A morel-themed mystery


East Lansing author Charles Cutter’s five Burr Lafayette legal thrillers all start with malicious murders and keep readers hooked with twists and turns to the very end. His most recent mystery, “Under the Ashes,” has an unusual murder weapon — poisonous mushrooms. Or so it seems.

In the book, Cutter — a pseudonym for Charles McLravy, which he said no one could spell — returns to his favorite locale, northwest Michigan. Readers will find familiarity in the restaurants and venues Lafayette frequents. For instance, when he’s not at his office in East Lansing’s old Masonic Temple, he can be found hanging out at El Azteco and Beggar’s Banquet, where he enjoys the five-alarm chili and several Labatt Blues on tap.

At the start of the novel, a popular radio DJ, Nick Fagan, dies mysteriously after eating his favorite dish, veal morel. The book’s title is derived from where morels are most often found: under ash trees.

“I try and make my books very local and unique to this part of the world,” Cutter said. “The morel has a special cache in Michigan. It’s scarce, hard to find and just delicious.”

It’s that scarcity that brings Fagan to pick his own morels to eat at the restaurant that fateful night.

Since Fagan’s spouse, Molly, was last seen in the restaurant’s kitchen fooling around with her husband’s main course, she’s the most likely suspect and is charged with murder. Her charges are dismissed after the first court hearing finds a lack of evidence, but when she seeks to collect her late husband’s $1 million life insurance policy, she’s put on trial again. Everyone believes she did it, including her attorney, Lafayette, at varying times. Everything points to Molly, but it’s up to Lafayette to find the real killer.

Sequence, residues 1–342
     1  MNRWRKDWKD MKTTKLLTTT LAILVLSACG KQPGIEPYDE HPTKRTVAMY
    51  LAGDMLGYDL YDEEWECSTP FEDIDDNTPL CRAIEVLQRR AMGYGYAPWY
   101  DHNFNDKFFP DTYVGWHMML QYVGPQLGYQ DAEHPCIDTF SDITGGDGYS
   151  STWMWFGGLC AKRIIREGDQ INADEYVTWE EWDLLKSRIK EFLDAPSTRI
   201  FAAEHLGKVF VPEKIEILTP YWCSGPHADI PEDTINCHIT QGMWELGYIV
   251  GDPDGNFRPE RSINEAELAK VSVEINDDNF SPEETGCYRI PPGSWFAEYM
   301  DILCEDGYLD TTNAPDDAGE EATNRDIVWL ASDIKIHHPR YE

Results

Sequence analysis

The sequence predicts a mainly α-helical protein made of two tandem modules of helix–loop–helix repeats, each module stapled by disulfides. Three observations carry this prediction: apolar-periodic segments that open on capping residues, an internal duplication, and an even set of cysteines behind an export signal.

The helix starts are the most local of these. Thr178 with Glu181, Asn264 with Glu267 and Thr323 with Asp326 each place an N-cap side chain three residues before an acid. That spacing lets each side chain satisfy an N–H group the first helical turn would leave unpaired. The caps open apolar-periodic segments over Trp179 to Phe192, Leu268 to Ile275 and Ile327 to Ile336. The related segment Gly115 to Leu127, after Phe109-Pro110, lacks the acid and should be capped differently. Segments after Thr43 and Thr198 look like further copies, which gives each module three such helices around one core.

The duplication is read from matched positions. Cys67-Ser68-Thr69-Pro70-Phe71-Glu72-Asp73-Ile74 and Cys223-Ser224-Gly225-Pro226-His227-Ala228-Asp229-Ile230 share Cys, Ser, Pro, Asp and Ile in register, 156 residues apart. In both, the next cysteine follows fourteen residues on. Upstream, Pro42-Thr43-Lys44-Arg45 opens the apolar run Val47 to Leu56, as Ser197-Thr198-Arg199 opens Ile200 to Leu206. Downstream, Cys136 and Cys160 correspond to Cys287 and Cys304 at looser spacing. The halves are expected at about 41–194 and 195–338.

Readers will marvel at how Cutter, a retired attorney, is able to ramp up the drama to a spectacular courtroom finale, continuing in the tradition of TV criminal defense lawyer Perry Mason.

Cutter spent an extraordinary amount of time researching poisonous mushrooms to get the science just right. He even turned to a retired mycologist in Harbor Springs, who also has a fictional role in the book. Without going into grand detail, as he does in the novel, the reader learns the false morel is not the real killer.

Cutter has also written a few salacious moments into the novel, such as Lafayette and his on-again-off-again paramour taking to the high seas for a “sailing lesson.”

“I was getting more requests to get more sex in my books,” he said. Check that off the list.

He also saw fit to make Lafayette a more flawed character than he already was. He ramped up Lafayette’s propensity to drink, leaving the character well on his way to confirming his alcoholism.

Cutter said the hardest part about publishing his fifth novel was rewriting.

“I was happy with my first draft, but I wasn’t getting a lot of positive feedback, and my publisher sent me a 12-page evaluation,” he said. “It was really deflating and had a lot of criticism. I got it right before the Fourth of July and stewed about it for two months before getting to work.”

The old saying “write what you know” comes into play, since Cutter, in his other life, owned radio stations in Michigan during what he calls their heyday — a time when you could buy them for cheap and turn them into powerhouses by moving towers closer to big markets. 

“I got out of it altogether with the advent of the internet,” he said. “Prior to the internet, radio was part of the social fabric, and it was the way popular culture was discovered and spread.”

His next legal thriller is tentatively titled “The Lady’s Slipper,” inspired by the gorgeous, endangered Michigan orchid. It revolves around a murder and a rapacious land developer who wants to build where the slippers grow. The book will also see Lafayette coming to grips with his drinking problem and his romantic relationship.


No comments on this item Please log in to comment by clicking here

Connect with us